THE licence for a new city centre restaurant and bar backed by the owners of nightclub, Cruise, and a celebrity chef, has been granted by the council.
Cheshire West and Chester Council’s licensing committee yesterday agreed to grant a late licence to one of Britain’s youngest head chefs, Luke Thomas, 20, from Connah’s Quay, who has teamed up with Odysian Holdings Ltd to open a new fine dining and restaurant/bar establishment over two floors at the old print works on St John Street in the city centre.
The restaurant is expected to be open towards the end of the summer and will be the second Luke, who has appeared on Junior MasterChef and the Great British Menu after starting his career at the Grosvenor in Chester, has run after a restaurant in Cookham, Berkshire.
The committee granted the licence for the restaurant/bar, which is next door to Off the Wall, to have live and recorded music and serve alcohol from 10am until 2am.
City centre Councillor, Sam Dixon, raised concerns to the committee about the late opening hours and asked for the hours to be cut to midnight due to the excess noise local residents on nearby Lumley Place currently endure.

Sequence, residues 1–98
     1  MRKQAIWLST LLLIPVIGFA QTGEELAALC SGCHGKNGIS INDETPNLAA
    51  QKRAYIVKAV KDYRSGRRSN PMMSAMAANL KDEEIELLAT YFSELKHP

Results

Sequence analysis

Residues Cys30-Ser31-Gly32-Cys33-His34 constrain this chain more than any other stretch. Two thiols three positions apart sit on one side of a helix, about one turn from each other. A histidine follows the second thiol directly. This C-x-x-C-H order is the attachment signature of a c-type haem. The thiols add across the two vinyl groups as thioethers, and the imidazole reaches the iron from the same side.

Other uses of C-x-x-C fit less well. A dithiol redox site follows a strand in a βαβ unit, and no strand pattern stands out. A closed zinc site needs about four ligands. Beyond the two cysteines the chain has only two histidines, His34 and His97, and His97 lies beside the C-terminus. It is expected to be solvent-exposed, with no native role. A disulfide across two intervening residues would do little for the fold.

Cllr Dixon said: “I welcome the proposal for the premises, it has been empty for years.
“I believe they should have a premises licence but my request is that it should only be open until midnight.
“The city centre has a growing residential population and in recent years more bars have been opened and the locals have been ignored in favour of the bars.
“Residents in the city centre witness unacceptable behaviour which is mostly fuelled by drink. They should be able to have a good night’s sleep.”
The application was the first heard by the licensing committee since the introduction of the new cumulative impact policy which meant the applicant, Odysian Holdings Ltd, had to prove their premises would not add to the noise issues which occur on St John’s Street.
Brendan McLoughlin, managing director of Odysian Holdings Ltd, said the new premises would not cause any issues because the bar on the ground floor would have a “relaxed atmosphere” where people could eat without music playing loudly and the restaurant upstairs would be for fine dining.
Mr McLoughlin said: “We do not believe we will have an impact on the area.”
The licensing committee took into account the fact there had been no objections from the environmental team who look at noise levels and no objections from Cheshire Police.
They also praised the management of Cruise nightclub which the committee said was very “professional”.
The committee granted the application subject to signage being put up about customers making noise when they were leaving.
See full story in the Chester Leader